After voters failed to accept a ballot measure in November 2007 that would have financed the college’s ambitious Master Facilities Plan through a modest tax hike, the Cochise College Governing Board decided the following month that it could afford to proceed with scaled-down capital improvements projects in Douglas, Sierra Vista and Willcox. Aging facilities were bursting at the seam. There was an urgency, and the college felt it could not wait.

“We’re not building for growth,” Jensen said during her daytime tour, dodging a steady stream of backpacking students as they wended their way from one assignment to the next. The din of circular saws cutting and hammers pounding on steel rang out in the quad.

The total head count, part- and full-time students, this spring is 2,254. That’s up by nearly 100 since last spring.

“In the evenings, I can’t find an extra classroom,” Jensen said, explaining students of all ages are packing the college. In this recession, more than at other times, people are re-tooling their minds for future careers.

Even folks who aren’t necessarily looking for a job but are seeking merely to enrich their minds are pleased with the expansion.

Fifty-eight-year-old Richard Shemanski of Bisbee started welding courses in February as he is learning to sculpt metal. When he first saw the welding lab, Shemanski said it felt “like the promised land.”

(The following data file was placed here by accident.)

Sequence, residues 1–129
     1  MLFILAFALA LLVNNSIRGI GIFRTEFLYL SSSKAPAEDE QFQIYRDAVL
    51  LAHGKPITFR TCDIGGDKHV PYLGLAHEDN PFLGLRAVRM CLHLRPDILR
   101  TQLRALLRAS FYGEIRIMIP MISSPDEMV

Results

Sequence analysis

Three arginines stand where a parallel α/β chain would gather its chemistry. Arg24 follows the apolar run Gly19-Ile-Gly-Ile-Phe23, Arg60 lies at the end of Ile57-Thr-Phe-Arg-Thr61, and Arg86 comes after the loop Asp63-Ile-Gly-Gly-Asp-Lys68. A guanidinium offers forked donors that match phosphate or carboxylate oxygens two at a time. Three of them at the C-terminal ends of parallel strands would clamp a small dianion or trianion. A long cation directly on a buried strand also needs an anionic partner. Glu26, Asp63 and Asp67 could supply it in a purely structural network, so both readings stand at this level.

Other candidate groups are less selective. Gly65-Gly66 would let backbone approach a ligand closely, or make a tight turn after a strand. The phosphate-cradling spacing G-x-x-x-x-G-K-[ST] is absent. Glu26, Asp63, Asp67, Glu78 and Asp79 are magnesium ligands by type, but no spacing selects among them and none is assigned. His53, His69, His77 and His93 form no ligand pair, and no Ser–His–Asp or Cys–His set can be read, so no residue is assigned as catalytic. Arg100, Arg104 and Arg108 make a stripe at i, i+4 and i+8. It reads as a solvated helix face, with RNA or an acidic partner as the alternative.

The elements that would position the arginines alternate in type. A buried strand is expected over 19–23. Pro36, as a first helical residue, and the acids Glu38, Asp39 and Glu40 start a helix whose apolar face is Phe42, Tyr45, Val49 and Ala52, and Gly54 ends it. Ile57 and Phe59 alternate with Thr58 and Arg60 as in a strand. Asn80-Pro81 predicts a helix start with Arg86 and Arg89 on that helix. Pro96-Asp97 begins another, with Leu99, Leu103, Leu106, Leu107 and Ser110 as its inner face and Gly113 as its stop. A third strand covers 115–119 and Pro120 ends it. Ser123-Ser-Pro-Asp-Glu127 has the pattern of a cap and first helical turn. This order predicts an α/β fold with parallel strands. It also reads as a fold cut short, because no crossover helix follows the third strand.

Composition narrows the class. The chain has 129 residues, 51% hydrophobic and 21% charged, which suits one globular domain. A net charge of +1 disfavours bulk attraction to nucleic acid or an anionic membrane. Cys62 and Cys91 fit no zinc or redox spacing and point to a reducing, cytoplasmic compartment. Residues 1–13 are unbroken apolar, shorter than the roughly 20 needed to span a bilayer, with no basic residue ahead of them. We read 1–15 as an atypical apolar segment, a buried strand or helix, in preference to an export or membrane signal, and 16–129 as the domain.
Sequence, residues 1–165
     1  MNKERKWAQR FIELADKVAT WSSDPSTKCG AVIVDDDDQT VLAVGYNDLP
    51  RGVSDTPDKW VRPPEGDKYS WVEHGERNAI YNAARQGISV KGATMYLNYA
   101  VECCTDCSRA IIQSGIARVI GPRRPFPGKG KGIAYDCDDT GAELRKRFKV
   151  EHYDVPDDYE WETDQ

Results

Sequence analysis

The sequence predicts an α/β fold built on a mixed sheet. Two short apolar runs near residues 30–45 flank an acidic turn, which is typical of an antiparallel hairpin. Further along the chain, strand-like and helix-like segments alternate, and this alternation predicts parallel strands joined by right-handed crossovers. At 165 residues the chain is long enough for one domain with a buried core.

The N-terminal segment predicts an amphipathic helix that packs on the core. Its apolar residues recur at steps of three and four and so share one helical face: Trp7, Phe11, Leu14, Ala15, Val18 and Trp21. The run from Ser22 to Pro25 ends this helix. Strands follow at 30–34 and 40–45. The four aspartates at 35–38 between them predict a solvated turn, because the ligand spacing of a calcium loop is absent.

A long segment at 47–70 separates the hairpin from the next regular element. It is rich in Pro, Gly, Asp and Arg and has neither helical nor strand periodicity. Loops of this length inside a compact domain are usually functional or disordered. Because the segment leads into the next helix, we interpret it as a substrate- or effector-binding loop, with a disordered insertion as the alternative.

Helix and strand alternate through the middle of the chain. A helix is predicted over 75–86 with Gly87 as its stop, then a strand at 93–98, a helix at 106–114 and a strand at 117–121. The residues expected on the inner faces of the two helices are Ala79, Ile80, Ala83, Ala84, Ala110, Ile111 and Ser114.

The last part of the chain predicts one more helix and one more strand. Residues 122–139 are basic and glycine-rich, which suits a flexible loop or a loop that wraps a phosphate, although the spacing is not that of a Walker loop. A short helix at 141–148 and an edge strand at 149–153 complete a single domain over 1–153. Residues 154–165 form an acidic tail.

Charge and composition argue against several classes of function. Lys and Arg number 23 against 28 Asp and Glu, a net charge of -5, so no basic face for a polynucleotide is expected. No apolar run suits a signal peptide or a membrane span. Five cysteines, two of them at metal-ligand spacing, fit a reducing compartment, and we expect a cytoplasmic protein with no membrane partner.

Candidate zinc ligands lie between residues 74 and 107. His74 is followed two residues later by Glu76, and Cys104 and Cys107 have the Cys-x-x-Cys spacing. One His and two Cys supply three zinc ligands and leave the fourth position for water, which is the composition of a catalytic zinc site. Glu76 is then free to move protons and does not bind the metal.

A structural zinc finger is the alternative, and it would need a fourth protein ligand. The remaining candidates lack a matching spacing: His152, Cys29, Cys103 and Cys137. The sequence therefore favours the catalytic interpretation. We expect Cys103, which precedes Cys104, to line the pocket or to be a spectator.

The Sierra Vista campus has doubled its total welding facilities space. It has 150 students enrolled in the program this semester.

The welding program is housed in the new Career-Technical Education Building, which also has programs for future EMTs and paramedics. The Career-Technical Education Building opened for business in August. The building is beyond the quad as one walks further east, past the relocated Adult Education Building. The energy demanded by both buildings is augmented by solar power collected from nearby ramadas through an efficiency program offered by Sulphur Springs Valley Electric Cooperative Inc. The ramadas themselves will serve as a shady outdoor space for educational purposes.